Limited liability companies operating in D.C. will now need to report new details about their ownership structures to city officials after a law passed more than a year ago finally takes effect.
D.C.’s Department of Consumer and Regulatory Affairs will begin collecting names and addresses of any individual with at least 10% of an ownership stake in an LLC, or who controls the financial or day-to-day operations of the company. Now, anyone looking to form an LLC in the District will need to report those ownership details up front. Existing entities will need to include the disclosures in the biennial reports they file with DCRA.
The change dates back to 2018 legislation crafted by Councilwoman Elissa Silverman, I-At large, who was hoping to expose negligent landlords hiding their identities behind a web of LLCs. Her initial bill targeted companies handling real estate, but the council broadened the legislation to include all LLCs, which drew rebukes from some in the business community.
The implementation is being celebrated among tenant advocates, however, who hope it will allow them to track the actual owners of apartment buildings where renters report persistent problems. Some hope that it will make landlords think twice about letting properties deteriorate if they’re no longer shielded by D.C.’s previously permissive disclosure law. Under the old law, LLCs merely needed to report the corporation’s registered agent, often an attorney who handles scores of such companies.
“Too many families we work with have kids who end up sick, in the ER or hospitalized because they live in unhealthy homes run by negligent landlords,” Tracy Goodman, an attorney at the Children’s Law Center, a D.C. nonprofit, wrote in an email this week to the Washington Business Journal. “We are optimistic these new regulations will unmask the real owners behind an LLC and allow for stronger accountability.”
Silverman’s bill passed in 2018 as part of a broader package of reforms for DCRA, long one of the District’s most troubled agencies, but it’s taken some budgetary wrangling to make the reforms a reality.
Silverman's spokeswoman, Ashley Fox, dubbed DCRA’s arguments an “unrealistic cost estimate,” given the bill’s requirements. So Council Chairman Phil Mendelson opted instead to start negotiating with the agency to see if there was any way to bring down those costs, according to his spokeswoman.
By fall of 2019, DCRA came back to Mendelson's office with a surprising update: It could fund the changes with its existing budget, determining instead that the $27 million estimate only applied to other parts of the broader reform legislation. The LLC changes would be much more manageable for the agency, it said.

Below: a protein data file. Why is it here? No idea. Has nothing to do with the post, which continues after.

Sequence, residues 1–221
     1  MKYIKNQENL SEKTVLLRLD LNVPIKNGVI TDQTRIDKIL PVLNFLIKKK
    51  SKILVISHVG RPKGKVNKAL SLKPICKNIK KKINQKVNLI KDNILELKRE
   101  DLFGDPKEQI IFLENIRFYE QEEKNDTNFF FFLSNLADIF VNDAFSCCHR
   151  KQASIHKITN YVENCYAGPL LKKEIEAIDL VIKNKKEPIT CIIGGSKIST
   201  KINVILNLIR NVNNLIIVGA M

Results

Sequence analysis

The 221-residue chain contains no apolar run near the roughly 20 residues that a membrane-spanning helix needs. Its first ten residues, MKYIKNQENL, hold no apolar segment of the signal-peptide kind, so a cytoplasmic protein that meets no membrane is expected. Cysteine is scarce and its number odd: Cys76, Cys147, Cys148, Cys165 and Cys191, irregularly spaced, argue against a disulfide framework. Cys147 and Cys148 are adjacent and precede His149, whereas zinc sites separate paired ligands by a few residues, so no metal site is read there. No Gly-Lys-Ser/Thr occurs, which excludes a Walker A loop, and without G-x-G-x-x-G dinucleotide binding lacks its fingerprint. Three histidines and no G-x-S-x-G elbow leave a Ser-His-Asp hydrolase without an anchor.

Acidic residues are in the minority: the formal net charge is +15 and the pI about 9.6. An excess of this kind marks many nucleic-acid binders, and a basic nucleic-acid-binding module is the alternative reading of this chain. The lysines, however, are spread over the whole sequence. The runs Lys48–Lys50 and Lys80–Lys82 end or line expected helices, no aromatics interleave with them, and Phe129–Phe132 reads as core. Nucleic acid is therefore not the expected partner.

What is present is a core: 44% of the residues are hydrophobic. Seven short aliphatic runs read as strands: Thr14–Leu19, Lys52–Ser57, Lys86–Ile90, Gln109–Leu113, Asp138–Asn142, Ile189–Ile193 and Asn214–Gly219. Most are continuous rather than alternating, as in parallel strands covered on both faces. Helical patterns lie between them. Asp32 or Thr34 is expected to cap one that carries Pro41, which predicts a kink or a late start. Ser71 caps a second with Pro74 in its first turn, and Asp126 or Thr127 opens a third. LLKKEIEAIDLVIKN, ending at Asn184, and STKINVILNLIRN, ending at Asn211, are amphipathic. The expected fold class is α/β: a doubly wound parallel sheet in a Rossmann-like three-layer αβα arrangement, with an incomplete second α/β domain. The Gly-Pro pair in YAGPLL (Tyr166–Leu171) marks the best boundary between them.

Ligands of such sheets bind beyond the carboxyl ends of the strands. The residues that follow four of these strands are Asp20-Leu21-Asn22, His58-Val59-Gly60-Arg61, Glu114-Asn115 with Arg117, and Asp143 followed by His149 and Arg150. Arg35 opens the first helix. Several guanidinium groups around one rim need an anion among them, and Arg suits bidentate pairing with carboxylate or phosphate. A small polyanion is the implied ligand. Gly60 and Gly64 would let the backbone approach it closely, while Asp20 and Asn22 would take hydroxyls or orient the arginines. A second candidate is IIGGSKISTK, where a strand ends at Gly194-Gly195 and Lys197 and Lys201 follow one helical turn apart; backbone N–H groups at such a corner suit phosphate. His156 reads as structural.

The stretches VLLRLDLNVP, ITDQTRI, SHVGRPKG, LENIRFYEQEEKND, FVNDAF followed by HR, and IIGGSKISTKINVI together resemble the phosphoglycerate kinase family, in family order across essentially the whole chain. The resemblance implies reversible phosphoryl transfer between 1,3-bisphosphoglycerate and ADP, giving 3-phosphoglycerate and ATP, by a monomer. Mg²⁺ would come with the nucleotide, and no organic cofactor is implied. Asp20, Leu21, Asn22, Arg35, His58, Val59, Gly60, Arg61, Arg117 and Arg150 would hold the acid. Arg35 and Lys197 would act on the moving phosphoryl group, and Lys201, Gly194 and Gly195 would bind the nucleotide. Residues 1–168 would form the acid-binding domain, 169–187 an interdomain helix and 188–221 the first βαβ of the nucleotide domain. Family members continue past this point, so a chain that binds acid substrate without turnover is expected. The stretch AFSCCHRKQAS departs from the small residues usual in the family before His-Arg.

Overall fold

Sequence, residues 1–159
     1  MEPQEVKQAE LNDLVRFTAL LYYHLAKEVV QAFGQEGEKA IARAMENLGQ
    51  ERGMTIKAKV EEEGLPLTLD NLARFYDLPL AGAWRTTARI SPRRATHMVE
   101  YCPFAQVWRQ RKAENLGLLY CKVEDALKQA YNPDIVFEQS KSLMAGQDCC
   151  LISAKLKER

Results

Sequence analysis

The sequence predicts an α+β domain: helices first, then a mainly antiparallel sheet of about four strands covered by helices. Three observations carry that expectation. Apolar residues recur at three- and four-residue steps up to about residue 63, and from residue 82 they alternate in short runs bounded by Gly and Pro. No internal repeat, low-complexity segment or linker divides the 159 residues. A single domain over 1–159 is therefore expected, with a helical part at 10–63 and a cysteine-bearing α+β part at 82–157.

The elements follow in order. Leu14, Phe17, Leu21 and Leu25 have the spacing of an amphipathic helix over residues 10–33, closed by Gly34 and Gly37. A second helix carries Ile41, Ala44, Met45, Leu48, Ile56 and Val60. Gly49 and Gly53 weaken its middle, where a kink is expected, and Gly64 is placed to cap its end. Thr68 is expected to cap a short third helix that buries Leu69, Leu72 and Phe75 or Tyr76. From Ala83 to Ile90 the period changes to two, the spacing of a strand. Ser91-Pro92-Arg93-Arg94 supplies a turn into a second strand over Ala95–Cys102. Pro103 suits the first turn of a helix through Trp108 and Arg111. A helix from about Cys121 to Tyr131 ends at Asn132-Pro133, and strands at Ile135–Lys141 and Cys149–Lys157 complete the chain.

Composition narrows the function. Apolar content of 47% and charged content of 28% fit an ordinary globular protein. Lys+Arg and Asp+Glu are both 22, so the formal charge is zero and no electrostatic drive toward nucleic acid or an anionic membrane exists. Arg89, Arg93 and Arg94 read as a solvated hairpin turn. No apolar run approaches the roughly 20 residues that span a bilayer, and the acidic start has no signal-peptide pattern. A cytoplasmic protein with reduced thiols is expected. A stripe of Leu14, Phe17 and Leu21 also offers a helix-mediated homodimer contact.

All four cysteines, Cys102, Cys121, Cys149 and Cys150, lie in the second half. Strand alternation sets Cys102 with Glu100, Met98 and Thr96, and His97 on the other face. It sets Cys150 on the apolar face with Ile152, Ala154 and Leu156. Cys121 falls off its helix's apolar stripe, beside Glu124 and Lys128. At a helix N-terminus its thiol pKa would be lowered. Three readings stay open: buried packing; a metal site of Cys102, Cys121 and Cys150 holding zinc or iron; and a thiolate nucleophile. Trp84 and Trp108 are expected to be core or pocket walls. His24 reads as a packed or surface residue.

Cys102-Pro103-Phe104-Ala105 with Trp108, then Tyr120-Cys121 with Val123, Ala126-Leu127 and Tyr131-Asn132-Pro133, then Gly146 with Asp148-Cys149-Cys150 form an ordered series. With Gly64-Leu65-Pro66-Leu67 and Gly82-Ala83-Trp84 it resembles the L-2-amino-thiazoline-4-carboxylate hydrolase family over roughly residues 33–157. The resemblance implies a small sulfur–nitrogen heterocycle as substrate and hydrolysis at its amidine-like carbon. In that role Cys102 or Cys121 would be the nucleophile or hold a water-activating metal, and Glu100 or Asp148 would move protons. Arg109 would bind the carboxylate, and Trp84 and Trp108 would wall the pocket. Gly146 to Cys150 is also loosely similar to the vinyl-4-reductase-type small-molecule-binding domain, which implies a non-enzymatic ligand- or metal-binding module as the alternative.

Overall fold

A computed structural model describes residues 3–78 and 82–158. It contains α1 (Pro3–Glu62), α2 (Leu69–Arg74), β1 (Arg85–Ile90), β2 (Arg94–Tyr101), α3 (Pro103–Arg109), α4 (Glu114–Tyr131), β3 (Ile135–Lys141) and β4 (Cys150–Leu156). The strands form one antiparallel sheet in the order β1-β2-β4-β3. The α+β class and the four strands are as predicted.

With that concession in hand, Mendelson inserted language into an arcane budget clarification bill to make the change official, passing it into law in late December. Mayor Muriel Bowser signed off on it on Jan. 17.
Local real estate attorneys previously dubbed such a change “an administrative nightmare,” and it drew opposition from the D.C. Building Industry Association. Developers frequently rely on LLCs in acquiring and managing properties. Some worried that the transparency measures would scare off nervous executives.
“It’s something that goes to the competitiveness of the city,” said Yesim Taylor, executive director of the nonpartisan, business-backed D.C. Policy Center. “It’s not just about taxes, but how welcome businesses feel. This is going to make criminals out of businesses that fail to report things.”
Taylor also worries that if DCRA isn’t predicting any budgetary impact, “it won’t be effective at all,” considering that the agency might simply collect ownership information from LLCs but fail to connect that data to resident complaints and home inspection reports. DCRA officials previously pledged to do so when Silverman first proposed her bill, but a new director has since taken over the agency.
Taylor also pointed out that anyone truly concerned about hiding their identity would still find a way to do so by setting up companies in other states with looser laws, and putting those LLCs in control of their D.C. firms.
“All it’s going to do is make people create more LLCs,” Taylor said. “Those who want to do it will do it, and for those who have no reason to worry about their identities, it doesn’t matter in the first place. “